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Cost-effective screening of a deadly disease in newborns


Narrator:       This is Science Today. A pediatrician from the University of California, San Francisco, has pioneered a cost-effective screening method for a deadly immune disease that affects newborns. It's called severe combined immunodeficiency, or SCID, and recently, the disease was both costly and difficult to detect.

Puck:             Since there are so many, we can't identify the individual mutations and therefore we have to think of a way to find babies with SCID without relying on their particular DNA make-up.

Narrator:       Dr. Jennifer Puck devised a screening method that used the same dried blood sample already being collected at birth to detect a host of other genetic conditions. As of last August, all babies born in the state of California were screened for SCID using Puck's method, and about a dozen have already been identified as having the disease.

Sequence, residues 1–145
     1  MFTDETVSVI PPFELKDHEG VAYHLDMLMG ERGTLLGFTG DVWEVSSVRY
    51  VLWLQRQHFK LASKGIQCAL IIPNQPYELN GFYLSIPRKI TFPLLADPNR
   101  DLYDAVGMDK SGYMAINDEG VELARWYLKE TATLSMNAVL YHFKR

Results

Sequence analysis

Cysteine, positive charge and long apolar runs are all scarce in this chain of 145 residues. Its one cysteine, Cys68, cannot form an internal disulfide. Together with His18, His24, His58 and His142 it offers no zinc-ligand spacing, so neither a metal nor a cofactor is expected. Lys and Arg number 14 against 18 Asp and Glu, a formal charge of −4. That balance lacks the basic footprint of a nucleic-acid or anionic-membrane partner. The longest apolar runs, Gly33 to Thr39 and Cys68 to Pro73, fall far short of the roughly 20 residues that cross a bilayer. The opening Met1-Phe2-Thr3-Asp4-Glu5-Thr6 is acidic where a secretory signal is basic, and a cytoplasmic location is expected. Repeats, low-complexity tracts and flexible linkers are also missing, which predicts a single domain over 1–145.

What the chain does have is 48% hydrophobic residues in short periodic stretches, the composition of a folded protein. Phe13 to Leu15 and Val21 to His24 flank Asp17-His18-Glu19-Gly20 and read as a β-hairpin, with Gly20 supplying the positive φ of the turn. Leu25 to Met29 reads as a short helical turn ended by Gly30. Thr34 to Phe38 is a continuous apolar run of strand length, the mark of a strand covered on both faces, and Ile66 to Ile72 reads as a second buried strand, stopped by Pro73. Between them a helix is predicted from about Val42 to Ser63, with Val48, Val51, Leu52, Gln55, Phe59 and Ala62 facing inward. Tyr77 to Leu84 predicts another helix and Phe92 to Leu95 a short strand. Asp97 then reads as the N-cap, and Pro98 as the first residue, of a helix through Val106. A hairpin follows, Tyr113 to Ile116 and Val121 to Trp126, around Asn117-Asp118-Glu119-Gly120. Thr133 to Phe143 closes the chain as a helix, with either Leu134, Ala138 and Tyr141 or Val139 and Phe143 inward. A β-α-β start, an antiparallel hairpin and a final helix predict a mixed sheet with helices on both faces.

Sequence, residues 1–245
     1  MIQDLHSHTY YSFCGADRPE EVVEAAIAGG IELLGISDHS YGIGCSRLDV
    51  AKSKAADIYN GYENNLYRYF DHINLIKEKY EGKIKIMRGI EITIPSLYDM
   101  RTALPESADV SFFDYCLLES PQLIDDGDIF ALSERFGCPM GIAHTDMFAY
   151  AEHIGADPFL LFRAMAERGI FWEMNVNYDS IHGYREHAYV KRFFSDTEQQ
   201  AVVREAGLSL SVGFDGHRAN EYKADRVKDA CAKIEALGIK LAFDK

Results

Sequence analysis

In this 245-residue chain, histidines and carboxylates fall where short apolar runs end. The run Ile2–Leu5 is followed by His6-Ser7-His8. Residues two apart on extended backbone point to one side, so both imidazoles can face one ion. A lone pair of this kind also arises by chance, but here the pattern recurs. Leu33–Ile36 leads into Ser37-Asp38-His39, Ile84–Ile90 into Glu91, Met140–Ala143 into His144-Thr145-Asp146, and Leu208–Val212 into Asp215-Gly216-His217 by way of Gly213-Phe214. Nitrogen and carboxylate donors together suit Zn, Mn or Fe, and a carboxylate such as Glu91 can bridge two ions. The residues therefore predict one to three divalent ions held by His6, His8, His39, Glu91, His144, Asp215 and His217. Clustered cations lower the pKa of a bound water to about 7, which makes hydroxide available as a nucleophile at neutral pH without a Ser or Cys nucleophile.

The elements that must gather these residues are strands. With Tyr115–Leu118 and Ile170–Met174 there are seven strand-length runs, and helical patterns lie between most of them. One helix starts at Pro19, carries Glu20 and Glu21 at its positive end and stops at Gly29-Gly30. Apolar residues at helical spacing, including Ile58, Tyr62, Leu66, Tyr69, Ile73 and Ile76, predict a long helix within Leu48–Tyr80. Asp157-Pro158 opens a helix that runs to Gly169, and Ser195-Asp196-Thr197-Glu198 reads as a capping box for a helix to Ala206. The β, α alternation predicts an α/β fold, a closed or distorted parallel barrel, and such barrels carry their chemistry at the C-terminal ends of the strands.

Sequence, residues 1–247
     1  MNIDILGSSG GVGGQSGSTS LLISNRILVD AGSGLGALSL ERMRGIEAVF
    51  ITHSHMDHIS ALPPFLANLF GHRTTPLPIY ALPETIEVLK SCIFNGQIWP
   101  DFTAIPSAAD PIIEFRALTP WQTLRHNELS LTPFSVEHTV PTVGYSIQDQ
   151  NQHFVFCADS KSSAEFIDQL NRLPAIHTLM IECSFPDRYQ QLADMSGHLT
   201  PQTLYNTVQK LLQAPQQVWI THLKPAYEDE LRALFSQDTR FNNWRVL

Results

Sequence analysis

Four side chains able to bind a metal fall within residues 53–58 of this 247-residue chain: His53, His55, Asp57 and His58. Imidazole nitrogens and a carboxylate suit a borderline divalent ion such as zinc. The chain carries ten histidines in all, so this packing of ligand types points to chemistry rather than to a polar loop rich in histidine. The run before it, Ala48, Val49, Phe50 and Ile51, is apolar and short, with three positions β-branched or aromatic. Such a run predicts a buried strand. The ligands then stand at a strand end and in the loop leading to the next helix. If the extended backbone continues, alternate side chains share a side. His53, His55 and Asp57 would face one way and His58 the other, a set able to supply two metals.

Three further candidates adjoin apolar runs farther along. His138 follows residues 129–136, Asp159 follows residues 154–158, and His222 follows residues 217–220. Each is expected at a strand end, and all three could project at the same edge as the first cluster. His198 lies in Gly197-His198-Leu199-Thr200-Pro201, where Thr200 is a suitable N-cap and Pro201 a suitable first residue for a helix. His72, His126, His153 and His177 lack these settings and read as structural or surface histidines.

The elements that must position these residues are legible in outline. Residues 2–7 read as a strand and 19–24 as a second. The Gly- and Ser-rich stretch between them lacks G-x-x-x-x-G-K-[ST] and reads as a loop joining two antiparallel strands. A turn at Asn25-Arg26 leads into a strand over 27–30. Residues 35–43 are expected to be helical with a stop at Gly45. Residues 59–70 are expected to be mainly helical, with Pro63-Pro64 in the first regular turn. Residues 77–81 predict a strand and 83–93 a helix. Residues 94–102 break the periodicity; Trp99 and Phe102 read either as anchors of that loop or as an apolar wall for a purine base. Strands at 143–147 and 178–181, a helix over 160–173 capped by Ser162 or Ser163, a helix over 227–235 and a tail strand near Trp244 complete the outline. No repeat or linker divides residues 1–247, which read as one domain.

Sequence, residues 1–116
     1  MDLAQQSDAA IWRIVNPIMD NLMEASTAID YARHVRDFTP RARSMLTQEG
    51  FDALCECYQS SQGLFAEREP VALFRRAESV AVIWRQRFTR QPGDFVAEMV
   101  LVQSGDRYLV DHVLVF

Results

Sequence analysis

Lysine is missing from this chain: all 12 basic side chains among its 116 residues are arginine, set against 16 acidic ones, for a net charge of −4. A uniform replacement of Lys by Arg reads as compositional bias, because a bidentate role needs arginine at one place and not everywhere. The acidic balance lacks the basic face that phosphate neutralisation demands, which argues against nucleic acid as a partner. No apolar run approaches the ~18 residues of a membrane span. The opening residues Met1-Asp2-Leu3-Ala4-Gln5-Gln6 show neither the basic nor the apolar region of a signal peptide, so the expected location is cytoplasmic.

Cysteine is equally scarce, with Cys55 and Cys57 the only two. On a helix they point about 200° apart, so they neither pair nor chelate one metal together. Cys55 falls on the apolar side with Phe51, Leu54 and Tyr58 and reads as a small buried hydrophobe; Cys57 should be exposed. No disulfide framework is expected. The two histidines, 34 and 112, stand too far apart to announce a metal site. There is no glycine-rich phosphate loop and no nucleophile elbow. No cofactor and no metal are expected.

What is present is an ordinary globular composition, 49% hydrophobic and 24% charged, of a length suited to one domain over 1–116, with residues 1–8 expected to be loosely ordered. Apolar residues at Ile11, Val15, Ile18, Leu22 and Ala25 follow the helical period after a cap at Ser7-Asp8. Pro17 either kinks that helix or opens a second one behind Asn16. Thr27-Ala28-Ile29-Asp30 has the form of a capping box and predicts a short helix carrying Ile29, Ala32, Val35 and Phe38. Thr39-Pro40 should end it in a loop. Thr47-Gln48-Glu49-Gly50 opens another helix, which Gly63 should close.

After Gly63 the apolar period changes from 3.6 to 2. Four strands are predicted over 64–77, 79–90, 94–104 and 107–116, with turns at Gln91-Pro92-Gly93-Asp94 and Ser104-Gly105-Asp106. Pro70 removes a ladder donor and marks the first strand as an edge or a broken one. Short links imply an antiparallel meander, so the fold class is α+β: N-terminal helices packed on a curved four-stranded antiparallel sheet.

Puck:             Just in the first six months we have found so many cases of SCID that the frequency here in California is about two to three times what people were estimating before the screening program started.

Narrator:       For Science Today, I'm Larissa Branin.